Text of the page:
Why communications matters

Why communications matters

Lately I’ve found myself thinking about all my inhouse comms colleagues out there who are trying to persuade expert colleagues to get their messages out more effectively.

There’s an inevitable tension between good policy/strategy/clinical practice/research/ [delete as appropriate] and effective communication. Debate between the two sides *can* be really productive. Where it acknowledges the insight and expertise on both sides, this can lead to content that includes all the detail and nuance but still hits the spot.

But too often, the views of the policy experts/clinicians/researchers/strategists hold more sway. These individuals– with their academic writing styles, or in-depth interest in, and understanding of, an issue– end up calling the shots. The result– dry, technical content landing in the inboxes of audiences that don’t share their level of interest or understanding.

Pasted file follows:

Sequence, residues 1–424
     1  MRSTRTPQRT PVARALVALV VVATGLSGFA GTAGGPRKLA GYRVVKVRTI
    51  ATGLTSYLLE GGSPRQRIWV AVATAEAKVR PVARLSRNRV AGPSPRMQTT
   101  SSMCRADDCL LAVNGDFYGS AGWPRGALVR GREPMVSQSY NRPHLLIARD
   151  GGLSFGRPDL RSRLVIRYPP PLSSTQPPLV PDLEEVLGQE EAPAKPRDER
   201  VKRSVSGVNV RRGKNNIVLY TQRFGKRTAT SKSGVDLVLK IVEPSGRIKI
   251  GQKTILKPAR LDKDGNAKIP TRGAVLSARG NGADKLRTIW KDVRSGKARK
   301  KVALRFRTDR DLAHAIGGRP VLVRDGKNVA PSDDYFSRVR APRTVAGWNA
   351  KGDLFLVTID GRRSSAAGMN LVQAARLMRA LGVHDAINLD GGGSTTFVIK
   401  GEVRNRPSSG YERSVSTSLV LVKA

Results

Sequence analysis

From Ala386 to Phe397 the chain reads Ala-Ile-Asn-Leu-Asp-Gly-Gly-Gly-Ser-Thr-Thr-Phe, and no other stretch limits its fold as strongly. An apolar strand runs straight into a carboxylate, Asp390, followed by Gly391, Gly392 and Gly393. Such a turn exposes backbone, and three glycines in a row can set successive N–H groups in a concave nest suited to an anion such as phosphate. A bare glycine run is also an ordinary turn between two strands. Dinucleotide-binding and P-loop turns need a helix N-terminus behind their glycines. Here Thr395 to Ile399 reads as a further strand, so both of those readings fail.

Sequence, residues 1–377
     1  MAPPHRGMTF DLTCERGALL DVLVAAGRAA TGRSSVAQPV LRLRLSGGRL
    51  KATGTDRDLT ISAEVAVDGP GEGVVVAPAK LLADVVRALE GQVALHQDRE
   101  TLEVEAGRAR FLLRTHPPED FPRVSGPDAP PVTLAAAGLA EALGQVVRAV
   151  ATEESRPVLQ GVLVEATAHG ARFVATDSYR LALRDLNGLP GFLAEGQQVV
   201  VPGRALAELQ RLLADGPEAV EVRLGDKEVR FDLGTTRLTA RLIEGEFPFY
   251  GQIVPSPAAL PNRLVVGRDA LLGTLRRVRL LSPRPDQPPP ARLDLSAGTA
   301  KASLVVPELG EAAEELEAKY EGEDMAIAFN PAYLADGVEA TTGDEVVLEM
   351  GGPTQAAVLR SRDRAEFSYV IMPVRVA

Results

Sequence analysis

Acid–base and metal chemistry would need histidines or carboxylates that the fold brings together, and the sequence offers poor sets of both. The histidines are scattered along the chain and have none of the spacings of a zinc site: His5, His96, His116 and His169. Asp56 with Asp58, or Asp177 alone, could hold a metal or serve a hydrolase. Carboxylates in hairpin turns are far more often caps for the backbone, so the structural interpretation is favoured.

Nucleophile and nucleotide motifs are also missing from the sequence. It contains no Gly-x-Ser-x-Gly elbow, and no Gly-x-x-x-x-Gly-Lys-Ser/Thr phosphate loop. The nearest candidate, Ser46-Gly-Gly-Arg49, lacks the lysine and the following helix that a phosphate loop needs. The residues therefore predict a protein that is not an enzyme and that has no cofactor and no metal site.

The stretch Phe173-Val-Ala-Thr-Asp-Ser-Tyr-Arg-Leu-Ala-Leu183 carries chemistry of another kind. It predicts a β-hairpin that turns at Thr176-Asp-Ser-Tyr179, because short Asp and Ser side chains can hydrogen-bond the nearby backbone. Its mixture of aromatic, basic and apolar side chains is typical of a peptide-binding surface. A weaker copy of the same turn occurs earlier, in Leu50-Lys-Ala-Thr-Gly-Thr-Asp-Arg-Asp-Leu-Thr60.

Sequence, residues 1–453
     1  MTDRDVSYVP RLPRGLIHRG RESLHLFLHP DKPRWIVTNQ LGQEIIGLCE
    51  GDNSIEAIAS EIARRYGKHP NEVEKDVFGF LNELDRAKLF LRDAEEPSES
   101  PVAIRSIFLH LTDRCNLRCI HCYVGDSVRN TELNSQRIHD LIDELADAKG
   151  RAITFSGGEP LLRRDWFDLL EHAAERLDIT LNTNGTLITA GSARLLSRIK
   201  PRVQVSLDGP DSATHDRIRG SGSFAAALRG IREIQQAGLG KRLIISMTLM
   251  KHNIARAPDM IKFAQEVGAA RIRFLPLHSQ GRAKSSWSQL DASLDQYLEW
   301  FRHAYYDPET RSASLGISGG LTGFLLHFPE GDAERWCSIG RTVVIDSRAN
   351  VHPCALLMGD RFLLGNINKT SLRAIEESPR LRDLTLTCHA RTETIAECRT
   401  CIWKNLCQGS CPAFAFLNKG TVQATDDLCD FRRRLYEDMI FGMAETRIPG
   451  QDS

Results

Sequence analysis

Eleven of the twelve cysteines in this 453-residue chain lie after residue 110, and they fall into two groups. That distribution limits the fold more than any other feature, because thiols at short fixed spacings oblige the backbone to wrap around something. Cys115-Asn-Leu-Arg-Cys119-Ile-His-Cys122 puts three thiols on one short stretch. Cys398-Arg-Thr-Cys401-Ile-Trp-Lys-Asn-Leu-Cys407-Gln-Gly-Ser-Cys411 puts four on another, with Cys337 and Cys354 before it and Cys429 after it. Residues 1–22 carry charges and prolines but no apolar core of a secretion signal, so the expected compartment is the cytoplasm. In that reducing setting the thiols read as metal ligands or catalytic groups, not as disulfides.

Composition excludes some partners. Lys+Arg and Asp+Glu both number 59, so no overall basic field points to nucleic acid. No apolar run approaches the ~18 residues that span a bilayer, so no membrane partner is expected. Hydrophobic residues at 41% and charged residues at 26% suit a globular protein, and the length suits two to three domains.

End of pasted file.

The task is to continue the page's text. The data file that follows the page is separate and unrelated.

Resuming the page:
It’s not easy to see why it doesn’t have the desired impact.

As a writer, it’s crucial to step outside of yourself and into the world of your audience. How are they feeling? What do they need? What do they like/dislike? This will help you select framing, tone of voice and other elements that will resonate with them.

Most experts find this very hard because when you’re deep in a subject you can’t see the wood for the trees. That’s where those comms colleagues come in– as a bridge between the expert and their audience.

The best work happens when experts explain what they need and then set back to let comms colleagues do their jobs! I’ve worked with so many highly respected people who are great at doing this. Where this doesn’t happen, it tends to be an organisation-wide issue that requires leadership, clarity and systems.

Organisational reputation is at stake, so it’s worth standing up for good communications.

2560 1707 Articulate Health